Expectant and new mothers are demanding more from maternity fashion, presenting fresh challenges and opportunities for high street and specialist retailers.
Maternitywear is quite literally a growth market, and competition over the spend of pregnant women is increasingly fierce.
The latest launch to hit the headlines is Zara’s first maternity collection. Tucked away in the “Corner Shops” section of its website on the “Mum” page, it has 25 dedicated maternity items – including knitted dresses, sweaters, overalls and jeans – styled with other pieces from the main Zara range, which are either oversized or made from stretchy, bump-friendly materials.
Its maternity styles are on trend – animal print is rife for autumn 18 – and keenly priced, ranging from £17.99 for a slogan sweatshirt to £159 for a cashmere cardigan.
Zara joins the swelling ranks of high street and online retailers attempting to tap into the spending power of expectant and new mothers: H&M, Next, Topshop, Asos and Boohoo are among those with fashionable maternity ranges, while -size retailer Simply Be launched its first maternity collection online in September. Research by retail analytics company Edited shows that the number of maternity items sold across 30 major US and UK retailers quadrupled between 2014 and the third quarter of 2017.
Mind the mum-fluencers
GlobalData estimates that the UK maternitywear market was worth £199m in 2017. Growth in the market has been heavily influenced by social media, where there has been a rise in the number of style-savvy “mum-fluencers”, as well as a spate of very public royal pregnancies. Following the “Kate effect” – the Duchess of Cambridge’s maternity fashion choices have been credited with boosting business for brands such as Séraphine – all eyes are now on Meghan Markle, the Duchess of Sussex, who is expecting her first child in the spring.
However, retailers looking to enter the market need to be aware of changing consumer expectations. Mothers-to-be are no longer willing to compromise on style or functionality of garments: they expect both.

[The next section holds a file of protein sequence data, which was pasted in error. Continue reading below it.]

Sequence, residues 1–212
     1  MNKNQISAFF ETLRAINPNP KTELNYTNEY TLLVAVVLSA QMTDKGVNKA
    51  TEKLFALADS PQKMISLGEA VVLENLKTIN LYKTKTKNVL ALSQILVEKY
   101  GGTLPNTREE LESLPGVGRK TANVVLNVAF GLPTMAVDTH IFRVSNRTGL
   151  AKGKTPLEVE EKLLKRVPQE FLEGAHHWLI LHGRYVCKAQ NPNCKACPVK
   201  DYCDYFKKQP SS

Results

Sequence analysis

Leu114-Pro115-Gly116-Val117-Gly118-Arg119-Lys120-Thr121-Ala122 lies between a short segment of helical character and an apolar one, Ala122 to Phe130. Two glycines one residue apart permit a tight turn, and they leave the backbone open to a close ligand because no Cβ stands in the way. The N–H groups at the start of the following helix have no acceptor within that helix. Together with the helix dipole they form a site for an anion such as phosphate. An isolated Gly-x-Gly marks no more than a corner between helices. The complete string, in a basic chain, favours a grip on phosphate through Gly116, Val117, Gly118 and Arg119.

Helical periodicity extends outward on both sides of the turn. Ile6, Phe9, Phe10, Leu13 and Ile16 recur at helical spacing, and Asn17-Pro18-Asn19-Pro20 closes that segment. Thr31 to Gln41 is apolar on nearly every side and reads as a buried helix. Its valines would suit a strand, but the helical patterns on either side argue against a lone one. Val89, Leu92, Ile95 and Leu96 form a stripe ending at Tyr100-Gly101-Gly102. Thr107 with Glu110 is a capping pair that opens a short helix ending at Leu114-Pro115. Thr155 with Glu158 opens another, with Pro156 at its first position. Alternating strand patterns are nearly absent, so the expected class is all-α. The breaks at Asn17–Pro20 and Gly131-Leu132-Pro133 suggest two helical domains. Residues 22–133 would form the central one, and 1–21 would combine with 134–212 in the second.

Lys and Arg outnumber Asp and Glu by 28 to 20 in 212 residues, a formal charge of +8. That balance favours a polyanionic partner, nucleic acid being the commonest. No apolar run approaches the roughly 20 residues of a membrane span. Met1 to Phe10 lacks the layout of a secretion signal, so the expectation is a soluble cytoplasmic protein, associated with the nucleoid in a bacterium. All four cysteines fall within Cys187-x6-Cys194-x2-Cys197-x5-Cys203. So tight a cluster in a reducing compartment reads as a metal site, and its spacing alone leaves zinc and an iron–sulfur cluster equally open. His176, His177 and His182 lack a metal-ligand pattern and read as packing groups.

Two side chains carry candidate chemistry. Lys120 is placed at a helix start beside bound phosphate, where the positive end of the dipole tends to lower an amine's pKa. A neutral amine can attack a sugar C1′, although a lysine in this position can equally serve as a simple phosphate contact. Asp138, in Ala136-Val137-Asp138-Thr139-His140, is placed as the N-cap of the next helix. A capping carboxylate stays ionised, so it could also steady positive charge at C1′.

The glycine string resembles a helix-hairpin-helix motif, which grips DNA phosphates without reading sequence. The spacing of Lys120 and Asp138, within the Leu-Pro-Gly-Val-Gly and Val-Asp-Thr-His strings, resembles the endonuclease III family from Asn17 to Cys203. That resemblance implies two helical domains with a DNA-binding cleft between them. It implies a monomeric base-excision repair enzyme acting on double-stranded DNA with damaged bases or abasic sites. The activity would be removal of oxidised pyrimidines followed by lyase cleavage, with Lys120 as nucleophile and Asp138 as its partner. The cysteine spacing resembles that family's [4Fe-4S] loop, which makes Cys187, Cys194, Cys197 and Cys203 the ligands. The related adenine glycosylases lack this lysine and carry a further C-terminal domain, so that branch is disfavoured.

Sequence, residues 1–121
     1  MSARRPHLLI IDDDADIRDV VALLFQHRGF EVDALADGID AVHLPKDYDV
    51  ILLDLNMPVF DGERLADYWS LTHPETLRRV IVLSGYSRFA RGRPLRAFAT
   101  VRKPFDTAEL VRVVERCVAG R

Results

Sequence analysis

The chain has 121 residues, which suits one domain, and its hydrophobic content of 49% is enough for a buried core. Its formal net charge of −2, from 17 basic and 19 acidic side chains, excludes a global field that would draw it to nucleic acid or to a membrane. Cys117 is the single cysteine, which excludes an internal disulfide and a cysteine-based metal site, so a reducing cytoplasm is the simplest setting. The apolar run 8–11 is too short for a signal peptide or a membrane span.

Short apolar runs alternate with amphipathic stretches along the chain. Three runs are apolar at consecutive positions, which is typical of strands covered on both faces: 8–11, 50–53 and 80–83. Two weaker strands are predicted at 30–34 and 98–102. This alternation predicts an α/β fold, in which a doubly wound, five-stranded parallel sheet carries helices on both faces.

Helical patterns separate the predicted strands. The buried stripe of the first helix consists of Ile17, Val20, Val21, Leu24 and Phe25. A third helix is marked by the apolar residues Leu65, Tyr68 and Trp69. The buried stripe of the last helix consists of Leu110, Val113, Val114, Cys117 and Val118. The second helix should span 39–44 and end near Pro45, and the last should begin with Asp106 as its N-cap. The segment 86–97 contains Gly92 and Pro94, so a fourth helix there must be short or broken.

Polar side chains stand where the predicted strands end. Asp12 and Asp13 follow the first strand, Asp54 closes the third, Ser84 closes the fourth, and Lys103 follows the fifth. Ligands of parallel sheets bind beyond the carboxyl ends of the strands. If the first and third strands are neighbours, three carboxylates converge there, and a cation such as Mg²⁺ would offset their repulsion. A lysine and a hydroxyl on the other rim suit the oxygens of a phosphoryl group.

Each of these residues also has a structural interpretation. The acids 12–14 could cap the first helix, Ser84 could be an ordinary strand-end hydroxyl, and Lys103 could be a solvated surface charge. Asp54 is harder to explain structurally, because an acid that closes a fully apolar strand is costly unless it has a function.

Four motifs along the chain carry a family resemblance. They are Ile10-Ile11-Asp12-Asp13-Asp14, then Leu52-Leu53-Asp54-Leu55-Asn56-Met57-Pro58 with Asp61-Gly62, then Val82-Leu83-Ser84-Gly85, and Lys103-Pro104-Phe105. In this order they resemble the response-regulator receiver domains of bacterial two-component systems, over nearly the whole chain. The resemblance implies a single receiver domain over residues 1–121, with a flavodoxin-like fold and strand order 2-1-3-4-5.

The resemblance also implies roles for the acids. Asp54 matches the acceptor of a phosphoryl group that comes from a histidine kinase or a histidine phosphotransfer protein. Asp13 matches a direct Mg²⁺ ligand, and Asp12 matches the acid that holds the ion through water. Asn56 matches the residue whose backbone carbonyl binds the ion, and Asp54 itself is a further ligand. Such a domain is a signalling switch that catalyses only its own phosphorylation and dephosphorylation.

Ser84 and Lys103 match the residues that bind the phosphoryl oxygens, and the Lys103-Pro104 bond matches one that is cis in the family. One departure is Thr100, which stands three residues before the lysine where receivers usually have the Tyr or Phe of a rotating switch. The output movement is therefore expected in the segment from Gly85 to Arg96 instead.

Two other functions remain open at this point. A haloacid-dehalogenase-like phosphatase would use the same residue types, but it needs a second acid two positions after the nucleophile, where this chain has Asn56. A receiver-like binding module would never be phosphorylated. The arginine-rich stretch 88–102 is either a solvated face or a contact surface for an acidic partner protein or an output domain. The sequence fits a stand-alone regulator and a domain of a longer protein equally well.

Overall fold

“Maternitywear was marginalised for so long, but that’s changed,” says Edwina Elek, founder of British maternitywear label Clary & Peg. “Social media has played a huge part in this – there’s been a surge in influencers that are mums, which impacts people in the way they think about what they want to wear. People have a different way of looking at pregnancy now – they want to feel great [in what they wear].”
“It used to be that people didn’t go out much when they were pregnant, but now they do,” agrees Tiffany London, founder of made in UK maternity occasionwear brand Tiffany Rose. “Having a wardrobe that enables them to do that helps at a time when their sense of self takes a knock.”
Meanwhile, the influx of high street maternity styles is putting pressure on the specialist retailers and brands to up their game and communicate a clear message about the value in investing in more expensive, technical maternity and nursing clothing, which is not always as fashion forward.
London-based maternitywear retailer Isabella Oliver is focusing on what it can offer as a point of difference from the high street and in January will launch an activewear range for expectant mothers. As a brand, it is also increasingly working with sustainable fabrics, and in October launched a new initiative that offered expectant mothers the chance to mark their child’s birth by planting trees within areas affected by deforestation and forest fires.